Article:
Ireland was a net contributor to the European Union budget to the tune of €315m in 2018, according to the latest report by the EU's financial watchdog.
The sum represents an increase from €173m in 2017 and €181m in 2016.
However, officials expect Ireland's budget contributions to rise further in the event of a no-deal Brexit, if member states insist on meeting the EU's current spending ambitions.
The 2018 annual report by the European Court of Auditors shows that Ireland received €2.6bn in EU funding, with the vast majority coming in the form of farm subsidies.
Of €1.56bn in overall agriculture receipts, some €1.22bn was received by way of direct payments, and €319m in rural development funds.
Overall, the report says EU spending in 2018 amounted to €1.56bn. This represents 2.2% of the total government spending of EU member states and 1% of EU gross national income (GNI).
The annual audit says the estimated error rate in member states receiving and disbursing funds was 2.6%, compared to 2.4% in 2017 and 3.1% in 2016.
Officials from the Court of Auditors say they cannot estimate the impact of a no-deal Brexit on the EU's accounts, since they can only audit after such an event has occurred.
Estimates vary as to the hole in the EU's budget if the UK leaves without a deal and declines to pay its outstanding liabilities incurred during membership.
In a post for the Brussels-based think tank Bruegel, economist Zolt Darvas estimated that, had the UK left without a deal at the end of March, the total Brexit hole in the budget until 31 December 2020 would have amounted to about €16.5bn, or 0.066% of the EU27 GNI.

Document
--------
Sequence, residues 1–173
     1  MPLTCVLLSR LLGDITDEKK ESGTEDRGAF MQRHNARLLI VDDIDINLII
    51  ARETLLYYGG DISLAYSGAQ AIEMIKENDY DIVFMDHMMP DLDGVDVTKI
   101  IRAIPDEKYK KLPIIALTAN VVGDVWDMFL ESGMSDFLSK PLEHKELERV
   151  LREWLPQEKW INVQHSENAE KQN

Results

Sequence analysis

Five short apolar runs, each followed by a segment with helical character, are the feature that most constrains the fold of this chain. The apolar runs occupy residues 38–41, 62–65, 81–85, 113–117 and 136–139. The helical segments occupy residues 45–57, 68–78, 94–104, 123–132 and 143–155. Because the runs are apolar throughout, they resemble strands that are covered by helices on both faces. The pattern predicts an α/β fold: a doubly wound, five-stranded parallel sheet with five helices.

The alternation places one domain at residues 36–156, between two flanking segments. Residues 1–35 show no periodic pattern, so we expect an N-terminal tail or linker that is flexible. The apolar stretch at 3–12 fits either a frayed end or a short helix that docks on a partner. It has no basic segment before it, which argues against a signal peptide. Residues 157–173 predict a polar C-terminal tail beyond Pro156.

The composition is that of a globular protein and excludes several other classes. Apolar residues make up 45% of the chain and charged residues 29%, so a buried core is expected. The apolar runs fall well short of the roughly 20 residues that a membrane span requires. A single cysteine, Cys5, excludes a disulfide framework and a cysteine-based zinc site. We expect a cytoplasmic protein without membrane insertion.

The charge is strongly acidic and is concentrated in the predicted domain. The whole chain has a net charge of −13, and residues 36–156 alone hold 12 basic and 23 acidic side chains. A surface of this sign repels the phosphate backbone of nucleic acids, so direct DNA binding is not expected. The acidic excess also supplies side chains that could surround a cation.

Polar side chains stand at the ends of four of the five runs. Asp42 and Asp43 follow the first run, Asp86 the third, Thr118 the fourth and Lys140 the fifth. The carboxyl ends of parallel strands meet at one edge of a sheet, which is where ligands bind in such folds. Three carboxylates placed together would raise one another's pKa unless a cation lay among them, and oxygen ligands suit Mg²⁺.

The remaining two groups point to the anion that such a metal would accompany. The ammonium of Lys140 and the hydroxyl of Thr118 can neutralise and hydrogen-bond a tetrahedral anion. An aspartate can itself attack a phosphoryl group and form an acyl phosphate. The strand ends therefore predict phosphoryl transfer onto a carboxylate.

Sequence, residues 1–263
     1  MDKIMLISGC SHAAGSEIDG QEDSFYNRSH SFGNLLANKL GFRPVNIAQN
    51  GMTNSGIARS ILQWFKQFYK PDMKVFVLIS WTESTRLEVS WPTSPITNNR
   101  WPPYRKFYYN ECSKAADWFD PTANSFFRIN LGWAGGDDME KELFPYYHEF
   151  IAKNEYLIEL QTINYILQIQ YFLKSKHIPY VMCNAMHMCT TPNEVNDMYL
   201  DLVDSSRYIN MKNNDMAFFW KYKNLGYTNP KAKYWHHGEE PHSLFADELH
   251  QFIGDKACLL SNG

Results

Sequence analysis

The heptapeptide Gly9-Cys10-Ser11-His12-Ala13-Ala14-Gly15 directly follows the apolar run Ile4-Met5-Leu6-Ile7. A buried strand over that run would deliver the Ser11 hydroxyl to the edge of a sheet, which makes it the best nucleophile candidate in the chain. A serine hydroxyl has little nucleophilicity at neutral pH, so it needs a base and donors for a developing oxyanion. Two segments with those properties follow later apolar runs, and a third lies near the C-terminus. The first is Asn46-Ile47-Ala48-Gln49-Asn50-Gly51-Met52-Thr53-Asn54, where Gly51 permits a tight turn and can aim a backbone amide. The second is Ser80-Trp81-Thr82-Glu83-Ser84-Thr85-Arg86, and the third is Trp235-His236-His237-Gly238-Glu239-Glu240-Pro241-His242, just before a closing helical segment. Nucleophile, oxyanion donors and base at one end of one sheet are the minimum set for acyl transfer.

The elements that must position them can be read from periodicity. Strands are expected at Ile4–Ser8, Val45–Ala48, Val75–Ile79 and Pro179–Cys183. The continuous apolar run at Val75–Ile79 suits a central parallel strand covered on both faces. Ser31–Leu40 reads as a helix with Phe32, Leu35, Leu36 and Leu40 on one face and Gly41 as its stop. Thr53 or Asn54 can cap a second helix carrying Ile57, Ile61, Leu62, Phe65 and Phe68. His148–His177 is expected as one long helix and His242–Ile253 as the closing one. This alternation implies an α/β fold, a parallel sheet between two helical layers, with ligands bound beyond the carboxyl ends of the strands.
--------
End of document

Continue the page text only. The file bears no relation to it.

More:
Under the Withdrawal Agreement, the UK would have been expected to pay around £39bn STG to meet its current and future liabilities.
However, the longer the UK stays in the EU, the higher those liabilities will become.
In April, the EU adopted emergency measures that would allow the UK beneficiaries to still receive EU funding for research and agriculture in the event of a no-deal Brexit.
This would be for contracts already signed and decisions made before the Brexit date, so long as the UK continued paying its contribution agreed in the EU budget for 2019.
Officials from the Court of Auditors believe that all member states, including Ireland, would have to pay more if the UK does not honour its liabilities in a no-deal scenario.
In a note to the Finnish presidency of the EU, reported by Politico, the German government said it would seek an increase in EU spending of no more than 1% of GNI over the seven year period.
"Losing the UK as one of the largest net contributors to the MFF (Multi-annual Financial Framework) means that even with this limit, contributions of the remaining Member States will increase significantly," the note said.
However, officials from the Court of Auditors point out that member states have also demanded that the EU increases spending in the areas of security and migration.
The MFF, which is the EU's seven year budget cycle, sets out spending plans and commitments from 2021-2027.